Adopt a Rescue or Shelter Dog or ….

August 16, 2012 at 9:51 am 8 comments

 


Charlie Bear here. (That’s my photo that Mom Peep fell in love with when she found me online at www.adoptapet.com.)I’m here to talk about a controversial subject. Adopt a dog or buy? Mom Peep didn’t want to do this post and here’s why:

1. She’s never had a pedigree anything, always a muttigree (like me!).

2. All of the dogs and cats she has had in her lifetime have been found abandoned or have come from shelters or rescues.

3. She likes to save lives.

But I told Mom that there are two sides to everything. So here’s what she’s allowing me to do: she said I can write about adoption versus buying and lay out the pros and cons to each as Dr. Jon from PetPlace so nicely did in his newsletter. Then you can see what YOU think, and offer us some comments when you are done reading.

Here’s what Dr. Jon of PetPlace has to say:

There are pros and cons to both adopting and buying. Which one is right for you depends on several factors. With some of the information in this newsletter you’ll be ready to find the best solution for your family.

First, let’s talk about adoption. I am a huge fan of rescue pets. Adopting a shelter dog can be a wonderful experience both for you and your dog. Shelter dogs are not “bad” dogs or the ones that no one wanted. Rather, most of them are loving and well-behaved animals who were simply given up by their owners for circumstances outside of their control. The biggest reason that many people cite for adopting is that it literally saves a life. Adopting a dog means that they do not have to be euthanized, or will not remain in a kennel if your local shelter is a no-kill facility.

You can certainly find puppies in rescue and at shelters but expect to see many more adults. That means that your future dog has had lots of experiences, and might have some bad memories or personality quirks that you will need to work through together. On the other hand, that might mean that they will come to you with some training as well.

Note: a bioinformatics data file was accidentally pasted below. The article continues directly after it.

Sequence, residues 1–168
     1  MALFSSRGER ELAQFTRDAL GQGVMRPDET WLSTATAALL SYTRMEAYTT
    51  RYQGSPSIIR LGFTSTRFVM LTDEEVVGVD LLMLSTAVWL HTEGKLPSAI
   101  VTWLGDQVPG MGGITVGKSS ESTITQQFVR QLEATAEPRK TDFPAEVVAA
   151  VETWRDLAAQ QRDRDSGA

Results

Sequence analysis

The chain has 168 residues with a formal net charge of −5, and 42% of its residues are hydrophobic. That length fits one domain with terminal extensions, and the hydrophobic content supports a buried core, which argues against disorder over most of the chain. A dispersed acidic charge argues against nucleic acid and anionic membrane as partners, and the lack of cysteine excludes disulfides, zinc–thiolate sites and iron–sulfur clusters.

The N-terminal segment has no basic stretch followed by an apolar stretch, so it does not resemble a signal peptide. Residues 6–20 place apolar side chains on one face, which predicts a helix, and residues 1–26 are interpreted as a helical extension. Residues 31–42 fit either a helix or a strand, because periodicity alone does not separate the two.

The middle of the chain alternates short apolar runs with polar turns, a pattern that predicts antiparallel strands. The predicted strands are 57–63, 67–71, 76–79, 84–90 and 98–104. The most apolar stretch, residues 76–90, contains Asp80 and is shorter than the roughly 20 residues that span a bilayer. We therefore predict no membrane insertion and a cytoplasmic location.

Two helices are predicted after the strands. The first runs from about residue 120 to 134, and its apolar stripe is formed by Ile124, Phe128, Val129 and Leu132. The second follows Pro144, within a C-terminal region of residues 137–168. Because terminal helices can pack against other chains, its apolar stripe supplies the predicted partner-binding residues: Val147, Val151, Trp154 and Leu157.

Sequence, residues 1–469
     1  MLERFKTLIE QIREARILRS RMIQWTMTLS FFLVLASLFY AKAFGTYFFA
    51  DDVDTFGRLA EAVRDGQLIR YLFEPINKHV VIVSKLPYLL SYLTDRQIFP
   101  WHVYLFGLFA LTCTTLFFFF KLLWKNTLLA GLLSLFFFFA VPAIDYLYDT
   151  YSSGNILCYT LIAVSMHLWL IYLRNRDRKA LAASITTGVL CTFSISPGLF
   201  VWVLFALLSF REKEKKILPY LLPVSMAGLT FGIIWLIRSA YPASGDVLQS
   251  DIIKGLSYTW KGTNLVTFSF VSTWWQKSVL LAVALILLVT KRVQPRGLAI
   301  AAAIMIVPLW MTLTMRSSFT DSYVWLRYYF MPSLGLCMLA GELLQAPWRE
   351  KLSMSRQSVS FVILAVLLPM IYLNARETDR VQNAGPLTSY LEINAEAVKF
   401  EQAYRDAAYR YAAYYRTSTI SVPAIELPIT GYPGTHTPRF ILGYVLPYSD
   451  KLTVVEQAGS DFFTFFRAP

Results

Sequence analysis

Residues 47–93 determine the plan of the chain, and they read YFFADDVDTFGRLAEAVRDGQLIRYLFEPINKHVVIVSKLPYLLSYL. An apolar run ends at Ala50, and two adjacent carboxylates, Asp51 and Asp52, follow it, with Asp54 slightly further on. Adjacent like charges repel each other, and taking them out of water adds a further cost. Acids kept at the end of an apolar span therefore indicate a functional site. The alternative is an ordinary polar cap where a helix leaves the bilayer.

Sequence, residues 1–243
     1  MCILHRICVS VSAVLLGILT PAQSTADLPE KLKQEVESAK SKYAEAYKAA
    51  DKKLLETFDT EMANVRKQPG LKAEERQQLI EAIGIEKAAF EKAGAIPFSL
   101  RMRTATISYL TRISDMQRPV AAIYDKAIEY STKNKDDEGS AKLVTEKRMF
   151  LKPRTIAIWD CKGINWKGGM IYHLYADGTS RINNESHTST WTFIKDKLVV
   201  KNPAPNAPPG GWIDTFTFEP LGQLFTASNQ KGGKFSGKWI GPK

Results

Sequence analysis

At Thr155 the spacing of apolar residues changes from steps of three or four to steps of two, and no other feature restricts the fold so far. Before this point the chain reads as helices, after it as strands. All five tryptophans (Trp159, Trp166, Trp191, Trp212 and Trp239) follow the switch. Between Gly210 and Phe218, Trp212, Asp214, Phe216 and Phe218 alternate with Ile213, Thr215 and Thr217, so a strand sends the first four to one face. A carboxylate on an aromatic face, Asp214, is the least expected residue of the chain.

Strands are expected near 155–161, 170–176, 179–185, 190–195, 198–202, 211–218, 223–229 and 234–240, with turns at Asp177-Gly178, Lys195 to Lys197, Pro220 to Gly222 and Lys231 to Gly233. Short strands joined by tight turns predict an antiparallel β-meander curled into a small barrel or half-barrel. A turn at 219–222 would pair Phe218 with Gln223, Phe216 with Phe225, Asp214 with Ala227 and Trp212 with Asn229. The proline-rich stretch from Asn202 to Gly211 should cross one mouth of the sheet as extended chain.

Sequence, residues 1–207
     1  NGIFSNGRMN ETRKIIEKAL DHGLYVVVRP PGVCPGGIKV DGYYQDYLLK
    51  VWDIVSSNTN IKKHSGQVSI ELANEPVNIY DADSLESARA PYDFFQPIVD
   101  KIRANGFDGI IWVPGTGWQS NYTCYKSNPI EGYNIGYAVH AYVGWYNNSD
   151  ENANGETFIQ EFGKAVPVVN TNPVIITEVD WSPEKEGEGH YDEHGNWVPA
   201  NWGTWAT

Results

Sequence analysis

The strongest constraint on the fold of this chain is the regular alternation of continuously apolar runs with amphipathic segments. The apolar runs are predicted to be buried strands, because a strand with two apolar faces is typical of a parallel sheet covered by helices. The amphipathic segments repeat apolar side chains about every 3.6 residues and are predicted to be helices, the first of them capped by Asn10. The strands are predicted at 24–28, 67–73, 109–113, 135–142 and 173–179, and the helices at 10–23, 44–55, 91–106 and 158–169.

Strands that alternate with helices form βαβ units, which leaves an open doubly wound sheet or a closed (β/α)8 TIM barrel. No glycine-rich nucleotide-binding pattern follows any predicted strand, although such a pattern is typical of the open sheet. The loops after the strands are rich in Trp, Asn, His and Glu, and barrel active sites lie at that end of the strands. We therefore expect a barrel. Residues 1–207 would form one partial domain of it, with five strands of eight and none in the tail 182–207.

The dog’s parents, and their history, are almost always unknown so you don’t have an idea of what they might be facing as they grow older. You will have less of an idea of any potential health problems, any behavioral issues, or even their size as your puppy matures.

Now, what about getting a dog from a breeder? The biggest issue is making sure that the breeder you visit is a responsible one. The needs of the dog should be the highest priority and your puppy should be happy, healthy, and come from a loving home. You will almost certainly pay much more for a responsibly bred puppy than for one from a shelter. The breeders might also require puppy classes, several trips to visit them and the dogs, and might ask you questions about your own preparedness for the new family member. Choosing a dog from a breeder also doesn’t have the benefit of directly saving a life or making room in the shelter for another dog, as adopting does.

When you decide to adopt or buy a puppy, take all these things into consideration. Remember that both adoption and buying a dog involve a lot of research and preparation. But it’s worth it – make the right decision and your dog is sure to become your good friend and companion for many years to come.

Until next time,
Dr. Jon

P.S. – Before your decision be sure to read up about how to properly care for your puppy once you bring him home. You can get educated at our guide to puppy adoption where you will find breed guides, a crash course in puppy care, and much more.

Charlie Bear here again. Check out the great articles. Educate yourself and then make a decision. And please, support the closure of puppy mills, where dogs are not treated well at all and disease runs rampant.

My vote, as you probably know, would be to ADOPT from a rescue or shelter. I wouldn’t be here today if a rescuer hadn’t found me, given me a chance in a foster home, and then helped me to find my forever home with my peeps. I am so thankful to Ryo and Sara for loving me.

Woofs & Wiggles to you all,
Charlie Bear